I Liked You Better Before I Knew You So Well by James Allen Hall

by Daniel Cretaro

I Liked You Better Before I Knew You So Well – James Allen Hall

Cleveland State University Poetry Center

April 1, 2017


I Liked You Better Before I Knew You So Well by James Allen Hall is a collection of moving personal essays on subjects ranging from his brother’s addiction to Hall’s first experience at a gay club, and is shot through with love, tenderness, beauty, and humor. The prose is rich, but also enlivened by dry humor and a lack of self-pity—a mastery of tone that defies easy description. Single, straightforward phrases often hold as much weight as more heartbreaking, lyrical passages. Because Hall withholds judgment—he loves these people, after all—the essays transcend simple sentimentality. Indeed, some of Hall’s subject matter is so heartbreaking that he should be commended for his bravery: a mother’s attempts at suicide, the death of a grandmother, an addicted brother.

In, “In Lieu of Drugs,” an essay about addiction, Hall places a poem in the middle of the action:

   //     I read   /    my student’s essays again   /   and again, thankful / for the white spaces    /    margins

This lyrical interlude brings the reader closer to the emotional core of the essay and heightens the tension. The reader is eager to know more; the white spaces invoke the anxiety that Hall writes about.

The first three essays in the collection, “My Frist Time,” “The Ends of Terror,” and “Prophecy” contend with the narrator’s experiences coming to terms with his homosexuality.

The first essay, “My First Time,” begins:

He wasn’t painfully ugly. Sure, he had the normal pockets of acne, but they didn’t usurp his heart-shaped face. Rather, they flushed along his cheeks and hid near his earlobes, like little angry villages unable to mount an insurrection.

This sounds like the opening to a story about an unlikely first love, but that isn’t what happens. Instead, the essay is about the cruelty of children, an interesting shift. The essay at first suggests that the “boy” will turn out to be “Jamie,” the narrator’s teenage crush. The narrator never names this “boy,” but instead the “boy” names the narrator a name that: “I had called myself that name for as many days as I had known Jamie […] I had watched myself say it, falling to the cold tile of the bathroom floor, hugging my knees to my chest, waiting for something to happen,” which zeroes in on the narrator’s identity conflict.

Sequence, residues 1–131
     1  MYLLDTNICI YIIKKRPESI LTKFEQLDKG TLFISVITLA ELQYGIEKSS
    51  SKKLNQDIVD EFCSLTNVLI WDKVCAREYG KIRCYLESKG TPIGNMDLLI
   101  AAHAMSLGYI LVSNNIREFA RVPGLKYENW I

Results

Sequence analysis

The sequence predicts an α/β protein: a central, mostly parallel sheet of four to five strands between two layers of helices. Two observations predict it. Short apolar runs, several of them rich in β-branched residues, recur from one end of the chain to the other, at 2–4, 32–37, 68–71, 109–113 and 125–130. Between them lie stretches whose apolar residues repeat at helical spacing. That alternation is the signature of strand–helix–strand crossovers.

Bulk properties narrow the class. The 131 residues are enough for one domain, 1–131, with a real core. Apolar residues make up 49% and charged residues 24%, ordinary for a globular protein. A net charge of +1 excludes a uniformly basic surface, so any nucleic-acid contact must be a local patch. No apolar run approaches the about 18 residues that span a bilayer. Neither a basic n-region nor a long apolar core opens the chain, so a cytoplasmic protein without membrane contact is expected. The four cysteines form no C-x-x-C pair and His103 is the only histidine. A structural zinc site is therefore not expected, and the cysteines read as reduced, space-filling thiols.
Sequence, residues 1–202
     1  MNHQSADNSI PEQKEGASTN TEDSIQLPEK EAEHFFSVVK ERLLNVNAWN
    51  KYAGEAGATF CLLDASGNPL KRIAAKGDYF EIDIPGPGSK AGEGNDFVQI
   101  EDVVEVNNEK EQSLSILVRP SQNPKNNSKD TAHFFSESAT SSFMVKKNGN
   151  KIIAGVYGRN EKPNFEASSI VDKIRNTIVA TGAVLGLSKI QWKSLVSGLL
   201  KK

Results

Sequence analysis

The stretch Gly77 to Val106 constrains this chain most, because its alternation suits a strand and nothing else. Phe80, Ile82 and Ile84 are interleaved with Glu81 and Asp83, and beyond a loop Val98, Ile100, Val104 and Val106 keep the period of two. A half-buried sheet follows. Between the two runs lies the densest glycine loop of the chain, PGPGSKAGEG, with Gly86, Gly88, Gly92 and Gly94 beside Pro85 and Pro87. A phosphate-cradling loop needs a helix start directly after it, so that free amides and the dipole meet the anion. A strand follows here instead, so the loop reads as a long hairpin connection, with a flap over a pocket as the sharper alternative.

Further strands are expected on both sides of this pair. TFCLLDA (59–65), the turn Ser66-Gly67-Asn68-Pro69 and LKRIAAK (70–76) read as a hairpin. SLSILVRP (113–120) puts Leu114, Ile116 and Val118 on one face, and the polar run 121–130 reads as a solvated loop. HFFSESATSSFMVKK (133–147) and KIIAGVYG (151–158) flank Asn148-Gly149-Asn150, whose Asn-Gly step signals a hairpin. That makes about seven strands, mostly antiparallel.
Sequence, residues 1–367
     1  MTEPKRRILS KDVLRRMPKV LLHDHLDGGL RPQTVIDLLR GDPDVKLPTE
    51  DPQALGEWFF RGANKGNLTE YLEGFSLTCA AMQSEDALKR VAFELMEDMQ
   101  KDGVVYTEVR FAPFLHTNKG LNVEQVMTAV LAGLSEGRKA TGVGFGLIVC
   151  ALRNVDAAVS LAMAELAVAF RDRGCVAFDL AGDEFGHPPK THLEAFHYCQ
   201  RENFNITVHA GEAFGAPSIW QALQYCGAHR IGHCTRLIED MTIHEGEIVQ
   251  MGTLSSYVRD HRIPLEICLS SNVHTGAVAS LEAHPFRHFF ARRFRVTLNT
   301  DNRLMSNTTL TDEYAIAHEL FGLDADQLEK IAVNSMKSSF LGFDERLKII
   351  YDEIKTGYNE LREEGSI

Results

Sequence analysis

“The Ends of Terror,” in part, describes the narrator’s first experience in a gay club. “This is the gay Shangri-La I’ve been pining for? The reality doesn’t match the brochure,” Hall writes. The feeling of being out of place, a place where the narrator will be surrounded by people that are just like him, reinforces the identity issues that Hall writes about in the previous essay and that he will write about in the next.

With “Prophecy,” Hall uses hair as a lens to continue his meditations about identity. It opens with the narrator burning his hair on a dare. It is set in a college dorm room with three other men. There is another mention of a “Jamie,” but it is unclear if it is the same one that was in “My First Time.” “[Jamie is] the one who has kidded me into doing this, into making my hair an effigy. ‘Dude,’ he said, grinning at me the way boys do when they want to dare you, ‘your hair is so gay.’” Throughout the rest of the essay, the use of hair is a reflection of homosexuality. Whether it’s when the grandmother takes the narrator and his brother for their first haircuts because a friend of hers thought they were girls; or at the end, when in a motel room another man shaves the narrator’s hair off, suggesting that the narrator has taken control of his hair, and will no longer let people dare him or force him to cut it—a final gesture of self-acceptance.

A similarly stunning moment occurs in “Suicide Memorabilia”, during which the narrator describes watching his mother hold a gun to her chest: “The gun makes an outline like a crooked, accusatory finger in the sweatshirt.” This is a beautiful and brave moment in the book. The language is lyrical, but also loving and devoid of judgment.  Hall was able to write about such a dark moment without being cynical.

I Liked You Better Before I Knew You So Well is one of those books that doesn’t come around often. It is the rare book that possesses three key qualities: language, love, and candor. This is one of those books. This is what happens when you care about the people you are writing about, know your way onto a page, and have a story that must get out.

James Allen Hall is also the author of a book of poems, Now You’re the Enemy, which won awards from the Texas Institute of Letter, the Lambda Literary Foundation, and the Fellowship of Southern Writers. He teaches at Washington College on Maryland’s Eastern Shore.Mysneakers | Men's Footwear